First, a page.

House approves bill to stem online gambling

After much debate, a bill that would essentially lead to a complete ban of online gambling in the United States was approved by the House of Representatives today. The House voted 317 to 93 in favor of H.R. 4411, which will need to be approved by the Senate and the President before becoming law.

The Internet Gambling Prohibition and Enforcement Act, which is a part of the House's American Values Agenda, combines H.R. 4411 introduced by Representative Jim Leach (R-Iowa) and H.R.4777 introduced by Representative Bob Goodlatte (R-Va.).

If passed into law, the bill will make it illegal to use credit cards and fund transfers from banks to settle internet wagers. It also will update the Wire Act to specifically prohibit online gambling and allow authorities to work with Internet providers to block access to gambling web sites.

The bill does make exceptions for state-run lotteries and horse racing. During the debate of the bill, Representative Shelley Berkley (D-Nev.) introduced an amendment to it that would take out the exceptions. She said it was unfair to allow online lotteries and internet betting on horse races while at the same time cracking down on other kinds of sports betting, casino games and poker.

Berkley's amendment was rejected, and Goodlatte called the amendment a "poison pill amendment" that was meant only to derail the bill.

Opponents of the bill such as the Poker Players Alliance (PPA) agree with Berkley's stance that even though the bill is called "Internet Gambling Prohibition," in reality it picks and chooses between types of gambling.

Instead of a ban, some Congressmen and gambling groups would like to see studies done on online gambling and have it legalized and regulated.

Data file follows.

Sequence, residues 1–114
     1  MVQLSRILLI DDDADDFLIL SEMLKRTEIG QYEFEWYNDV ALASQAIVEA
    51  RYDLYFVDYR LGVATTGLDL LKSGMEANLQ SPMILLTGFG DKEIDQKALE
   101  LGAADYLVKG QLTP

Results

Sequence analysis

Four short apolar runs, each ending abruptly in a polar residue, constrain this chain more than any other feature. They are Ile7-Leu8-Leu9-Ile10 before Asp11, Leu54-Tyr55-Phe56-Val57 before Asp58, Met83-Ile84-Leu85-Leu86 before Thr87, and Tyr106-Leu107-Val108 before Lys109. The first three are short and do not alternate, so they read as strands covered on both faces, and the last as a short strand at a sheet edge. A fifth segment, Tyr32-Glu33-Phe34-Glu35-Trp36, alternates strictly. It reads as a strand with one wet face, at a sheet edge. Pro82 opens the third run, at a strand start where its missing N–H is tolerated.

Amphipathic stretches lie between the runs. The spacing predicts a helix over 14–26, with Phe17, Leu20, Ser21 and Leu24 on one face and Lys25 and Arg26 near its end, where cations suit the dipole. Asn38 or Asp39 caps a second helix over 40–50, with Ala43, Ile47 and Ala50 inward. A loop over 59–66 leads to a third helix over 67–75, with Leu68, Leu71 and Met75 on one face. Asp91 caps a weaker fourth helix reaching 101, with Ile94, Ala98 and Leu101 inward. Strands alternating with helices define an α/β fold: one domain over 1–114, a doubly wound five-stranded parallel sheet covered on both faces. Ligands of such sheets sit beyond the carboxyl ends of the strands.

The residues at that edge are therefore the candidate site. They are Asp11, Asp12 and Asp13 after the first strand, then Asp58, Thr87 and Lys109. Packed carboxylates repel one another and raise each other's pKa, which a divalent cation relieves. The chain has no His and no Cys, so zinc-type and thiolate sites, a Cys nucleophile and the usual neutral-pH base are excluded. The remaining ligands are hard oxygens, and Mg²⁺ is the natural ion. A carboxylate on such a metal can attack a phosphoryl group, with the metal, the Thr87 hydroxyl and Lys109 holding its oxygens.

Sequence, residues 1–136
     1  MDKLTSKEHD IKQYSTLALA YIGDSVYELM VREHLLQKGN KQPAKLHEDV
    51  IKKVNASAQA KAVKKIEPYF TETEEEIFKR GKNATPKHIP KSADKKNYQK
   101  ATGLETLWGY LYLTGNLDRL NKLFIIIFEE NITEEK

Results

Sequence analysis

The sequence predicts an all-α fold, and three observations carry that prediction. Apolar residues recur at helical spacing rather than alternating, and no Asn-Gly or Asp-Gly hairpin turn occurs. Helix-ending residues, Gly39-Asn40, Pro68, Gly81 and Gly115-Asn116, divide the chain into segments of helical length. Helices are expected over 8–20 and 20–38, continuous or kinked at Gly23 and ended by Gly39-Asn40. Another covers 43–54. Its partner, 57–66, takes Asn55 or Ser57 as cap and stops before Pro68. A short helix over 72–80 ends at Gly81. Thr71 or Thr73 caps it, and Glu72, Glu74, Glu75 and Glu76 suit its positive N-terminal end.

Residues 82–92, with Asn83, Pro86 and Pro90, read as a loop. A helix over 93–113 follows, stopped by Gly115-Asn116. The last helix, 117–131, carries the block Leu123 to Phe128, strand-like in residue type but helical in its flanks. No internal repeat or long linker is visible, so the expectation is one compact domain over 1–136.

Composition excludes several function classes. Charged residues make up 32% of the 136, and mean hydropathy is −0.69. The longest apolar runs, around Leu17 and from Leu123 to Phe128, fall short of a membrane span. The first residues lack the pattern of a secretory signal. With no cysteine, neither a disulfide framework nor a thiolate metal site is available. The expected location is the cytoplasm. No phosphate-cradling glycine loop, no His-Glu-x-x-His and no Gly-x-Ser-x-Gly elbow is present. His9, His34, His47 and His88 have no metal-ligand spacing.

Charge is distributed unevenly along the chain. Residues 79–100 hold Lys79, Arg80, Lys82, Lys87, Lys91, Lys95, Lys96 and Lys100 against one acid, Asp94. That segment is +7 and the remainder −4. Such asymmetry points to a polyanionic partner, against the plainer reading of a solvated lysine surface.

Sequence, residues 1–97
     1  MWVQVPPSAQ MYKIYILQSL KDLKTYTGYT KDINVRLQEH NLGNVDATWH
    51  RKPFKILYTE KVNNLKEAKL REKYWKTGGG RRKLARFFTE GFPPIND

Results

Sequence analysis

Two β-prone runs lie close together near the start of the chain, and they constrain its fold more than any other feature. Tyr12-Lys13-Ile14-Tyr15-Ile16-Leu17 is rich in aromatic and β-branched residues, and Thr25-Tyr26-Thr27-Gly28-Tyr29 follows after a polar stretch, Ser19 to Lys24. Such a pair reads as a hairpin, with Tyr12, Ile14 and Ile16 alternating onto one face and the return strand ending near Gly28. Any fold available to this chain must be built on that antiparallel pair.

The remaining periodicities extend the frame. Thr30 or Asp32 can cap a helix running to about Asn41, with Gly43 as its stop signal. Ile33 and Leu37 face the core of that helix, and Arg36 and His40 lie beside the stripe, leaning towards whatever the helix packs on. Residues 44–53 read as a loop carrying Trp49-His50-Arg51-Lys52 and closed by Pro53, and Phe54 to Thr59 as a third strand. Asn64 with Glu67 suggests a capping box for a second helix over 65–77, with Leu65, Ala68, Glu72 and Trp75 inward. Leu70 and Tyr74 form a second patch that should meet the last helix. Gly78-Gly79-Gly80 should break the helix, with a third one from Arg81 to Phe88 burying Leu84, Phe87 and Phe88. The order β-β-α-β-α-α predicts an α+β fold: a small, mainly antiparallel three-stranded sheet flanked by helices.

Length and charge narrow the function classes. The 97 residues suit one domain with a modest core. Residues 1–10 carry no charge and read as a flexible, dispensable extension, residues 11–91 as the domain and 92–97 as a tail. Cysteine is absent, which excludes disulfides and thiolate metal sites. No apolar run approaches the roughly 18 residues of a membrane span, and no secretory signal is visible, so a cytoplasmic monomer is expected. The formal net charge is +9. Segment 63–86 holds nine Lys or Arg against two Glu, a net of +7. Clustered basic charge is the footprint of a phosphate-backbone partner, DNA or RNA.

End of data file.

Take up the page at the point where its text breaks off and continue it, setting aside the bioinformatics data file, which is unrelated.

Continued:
Representative Jon Porter (R-Nev.), along with fellow Nevadans Berkley and Jim Gibbons as co-sponsors, introduced the Internet Gambling Study Commission Act into the House of Representatives in early June. The act would establish a commission to study the impact of online gambling and was hoped to be an alternative to banning online gambling.

Perhaps if the commission had been set up before this bill passed, they may have come to the same conclusion that a recent PPA study did. The study, prepared by economist Judy Zanthopoulos with Quantria Strategies LLC, examined the existing Internet poker market and found that more than $3 billion could be raised in federal and state taxes if the industry was legalized and properly regulated in the United States.

"This study validates that the benefits of regulating online poker in the U.S. far exceed the value of prohibiting the activity," said Michael Bolcerek, PPA president. "Internet poker is an incredibly popular pastime for millions of Americans. Keeping Americans away from this game is not only unfair, but as this study shows, would be costly, denying state and federal coffers an important source of revenues."

Internet gambling is now regulated in more than 80 countries and jurisdictions. The United Kingdom also passed legislation in 2005 that will go into affect in 2007 to regulate and tax Internet gambling.

"[The PPA] enthusiastically supports regulation and taxation, rather than an outright ban," Bolcerek said. "We remain hopeful that opponents of Internet poker will come to the realization that prohibitions don't work and will embrace the idea of creating a regulated environment so that Americans can have an even higher level of comfort when playing poker online."

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